INSIDE UNDRGRND: WHERE PERFORMANCE MEETS PARTY Yvette will be flying to Melbourne for UNDRGRND from New Zealand where she has been choreographing a musical ‘Candide,” which has just opened in Auckland. “I have been rehearsing this during the day and by night have been Skyping into Manila where I have had the amazing Travis Khan auditions there for me for a musical I am choreographing there later this year,” told Yvette. Among the fresh-faced choreographers is Transit Dance full-time student Dom Cowden. She has never performed in UNDRGRND before but she has presented one of her choreographic works in Dance Architect—another initiative by the same creative team of UNDRGRND and Transit. “This year UNDRGRND had over 80 applicants, so to be one of 30 selected just blew my mind. I am confident with my piece, I think it definitely shows my own particular style combined with the flair of my dancers, which makes for what I believe a really great piece,” said Dom, smiling. Her premiere commercial piece ‘Look’ focuses the idea of confidence and how everyone uses their confidence to either boost one’s self or deflate it. Her dancers include Cassidy Richardson, Charlotte Robins, Flynn Miller, Giulia Abate, Keely Warrack, Lachlan Purcell, Oliver Sievers, Violet Argirov and herself. “The style is a funky mix between pop, house, and rap, which on paper sounds odd but trust me, this mix is like no other,” said Dom. UNDRGRND will feature many leaders in the industry to give newcomers the perfect social opportunity to network and promote themselves. Yvette Lee has had a highly successful choreographic career in television, theatre and film, from Dancing with Stars, X Factor, Australia’s Got Talent, Dance Hero Japan, Asia’s Got Talent, So You Think You Can Dance, The Big Music Quiz, China’s Next Top Model, Nickelodeon Kids, ARIA awards and so much more. Yvette stresses that all budding choreographers must look to utilise a mentor who has preceded them. "I can’t emphasise enough the importance of mentors and learn from the people who came before you. I will always be so thankful to my mentors for transitioning me from a dancer into a choreographer, the information they armed me with to move forward into this job has been invaluable,” advised Yvette. To come along to the hottest dance event of the year go to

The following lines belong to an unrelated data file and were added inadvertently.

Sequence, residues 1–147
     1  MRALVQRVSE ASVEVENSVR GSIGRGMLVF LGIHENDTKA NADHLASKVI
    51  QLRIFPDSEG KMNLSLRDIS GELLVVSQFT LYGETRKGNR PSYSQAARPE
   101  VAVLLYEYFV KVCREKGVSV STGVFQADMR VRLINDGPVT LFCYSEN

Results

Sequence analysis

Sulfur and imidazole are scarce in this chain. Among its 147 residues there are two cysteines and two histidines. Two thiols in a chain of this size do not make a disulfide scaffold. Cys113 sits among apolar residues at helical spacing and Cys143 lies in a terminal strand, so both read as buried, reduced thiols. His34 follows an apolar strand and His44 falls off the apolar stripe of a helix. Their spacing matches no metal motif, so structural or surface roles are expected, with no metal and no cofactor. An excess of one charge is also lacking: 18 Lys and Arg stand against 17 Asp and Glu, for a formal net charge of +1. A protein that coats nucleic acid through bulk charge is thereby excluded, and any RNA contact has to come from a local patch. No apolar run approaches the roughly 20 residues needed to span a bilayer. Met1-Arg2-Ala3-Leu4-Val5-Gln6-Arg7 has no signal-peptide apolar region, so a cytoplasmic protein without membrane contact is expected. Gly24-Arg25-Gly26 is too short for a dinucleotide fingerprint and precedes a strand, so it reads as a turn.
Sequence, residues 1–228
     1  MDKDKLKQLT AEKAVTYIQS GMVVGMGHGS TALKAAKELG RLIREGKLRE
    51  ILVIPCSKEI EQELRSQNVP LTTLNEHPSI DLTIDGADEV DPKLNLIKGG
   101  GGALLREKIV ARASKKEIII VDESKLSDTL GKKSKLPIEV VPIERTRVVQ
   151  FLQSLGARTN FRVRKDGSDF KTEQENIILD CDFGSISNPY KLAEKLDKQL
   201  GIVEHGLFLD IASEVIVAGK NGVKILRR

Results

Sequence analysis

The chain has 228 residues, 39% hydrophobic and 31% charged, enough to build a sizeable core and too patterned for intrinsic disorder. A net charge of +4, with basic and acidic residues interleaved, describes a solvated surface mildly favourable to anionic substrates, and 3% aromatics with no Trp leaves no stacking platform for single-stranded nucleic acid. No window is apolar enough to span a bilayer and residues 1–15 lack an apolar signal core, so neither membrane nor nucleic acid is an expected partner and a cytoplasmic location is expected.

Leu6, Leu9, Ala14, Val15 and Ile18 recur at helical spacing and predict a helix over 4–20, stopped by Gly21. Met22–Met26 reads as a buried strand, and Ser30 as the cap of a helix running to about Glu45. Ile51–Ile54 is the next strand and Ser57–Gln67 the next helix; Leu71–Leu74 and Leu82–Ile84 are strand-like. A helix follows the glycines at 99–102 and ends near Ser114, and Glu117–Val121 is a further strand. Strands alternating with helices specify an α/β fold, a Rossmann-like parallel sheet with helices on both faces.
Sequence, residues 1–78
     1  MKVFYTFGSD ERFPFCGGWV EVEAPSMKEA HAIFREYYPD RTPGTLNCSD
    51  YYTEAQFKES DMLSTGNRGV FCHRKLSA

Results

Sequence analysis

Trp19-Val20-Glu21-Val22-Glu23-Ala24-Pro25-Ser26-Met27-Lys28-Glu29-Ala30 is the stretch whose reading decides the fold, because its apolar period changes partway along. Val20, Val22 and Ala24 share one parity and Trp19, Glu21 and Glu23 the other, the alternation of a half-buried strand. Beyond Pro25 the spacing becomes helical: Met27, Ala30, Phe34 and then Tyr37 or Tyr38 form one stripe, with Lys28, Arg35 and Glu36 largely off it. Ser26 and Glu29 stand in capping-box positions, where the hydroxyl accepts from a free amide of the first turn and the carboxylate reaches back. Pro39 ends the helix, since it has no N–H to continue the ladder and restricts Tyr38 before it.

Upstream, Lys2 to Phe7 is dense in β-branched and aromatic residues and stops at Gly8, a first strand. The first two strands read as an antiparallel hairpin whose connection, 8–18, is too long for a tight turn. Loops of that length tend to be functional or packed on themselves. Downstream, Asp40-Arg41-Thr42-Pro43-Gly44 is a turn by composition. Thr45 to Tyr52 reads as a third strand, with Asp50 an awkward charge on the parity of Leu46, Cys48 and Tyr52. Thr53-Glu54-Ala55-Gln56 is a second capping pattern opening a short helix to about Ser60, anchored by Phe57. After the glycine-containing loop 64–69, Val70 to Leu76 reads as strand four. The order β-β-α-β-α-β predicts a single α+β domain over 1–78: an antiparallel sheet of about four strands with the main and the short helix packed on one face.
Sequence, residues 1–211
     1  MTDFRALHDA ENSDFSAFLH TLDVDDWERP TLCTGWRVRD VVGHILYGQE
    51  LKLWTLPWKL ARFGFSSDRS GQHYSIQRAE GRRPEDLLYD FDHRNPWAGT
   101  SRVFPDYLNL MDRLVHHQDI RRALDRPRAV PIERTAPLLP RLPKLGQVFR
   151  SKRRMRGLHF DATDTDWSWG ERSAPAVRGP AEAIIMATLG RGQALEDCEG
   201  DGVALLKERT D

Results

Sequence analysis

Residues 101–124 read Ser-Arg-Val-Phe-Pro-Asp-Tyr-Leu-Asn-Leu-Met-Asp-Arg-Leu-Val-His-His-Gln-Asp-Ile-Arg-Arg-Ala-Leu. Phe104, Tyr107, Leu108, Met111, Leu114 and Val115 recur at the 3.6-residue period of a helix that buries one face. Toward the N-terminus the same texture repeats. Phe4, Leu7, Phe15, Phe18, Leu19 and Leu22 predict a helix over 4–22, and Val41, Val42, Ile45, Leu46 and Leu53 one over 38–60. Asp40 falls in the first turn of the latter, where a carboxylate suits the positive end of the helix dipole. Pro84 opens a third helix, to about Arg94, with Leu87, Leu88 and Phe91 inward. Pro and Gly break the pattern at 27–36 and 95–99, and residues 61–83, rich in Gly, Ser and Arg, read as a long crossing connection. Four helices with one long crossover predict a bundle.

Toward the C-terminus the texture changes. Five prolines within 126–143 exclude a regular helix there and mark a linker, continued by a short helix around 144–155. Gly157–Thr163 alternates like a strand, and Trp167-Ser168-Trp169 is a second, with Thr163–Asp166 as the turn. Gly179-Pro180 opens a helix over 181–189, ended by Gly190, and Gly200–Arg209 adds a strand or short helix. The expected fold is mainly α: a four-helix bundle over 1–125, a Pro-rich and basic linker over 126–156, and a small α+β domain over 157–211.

" I will always be so thankful to my mentors for transitioning me from a dancer into a choreographer,” Yvette.


CELLOPOINTE UNIQUE MARRIAGE OF MUSIC AND DANCE BY SANDRA KLUGE CelloPointe unites high-quality chamber music with sensible choreographies in a unique concert setting that makes music and dance blossom together.

What started as a duo project between Peter Wiley, a Grammy-nominated cellist, and his daughter Dona, who is a dancer and choreographer, became the nationally touring company that is CelloPointe. It is being led by executive director, mother, wife, and cellist Marcia Wiley. In CelloPointe’s special concert structure, collaborative musician and dancer pieces alternate with chamber music interludes in which the musicians are on stage by themselves. That way, dance and music receive equal recognition, which makes it a multisensory treat for chamber music and dance connoisseurs alike. It also makes a big difference in the artistic process:

“All of the artists in our company need to feel each other, breathe together, and react in the moment. That is what makes CelloPointe a truly unique experience”, executive director Marcia Wiley says. The fact that dance nowadays is being dominated by the use of prerecorded music – think iPods in class, playbacks at performances, or electronically produced music videos – may cause a lack of musical sensibility in dancers. Wiley expresses that through their work with CelloPointe, the dancers have gained more versatility and flexibility in musical matters. continue...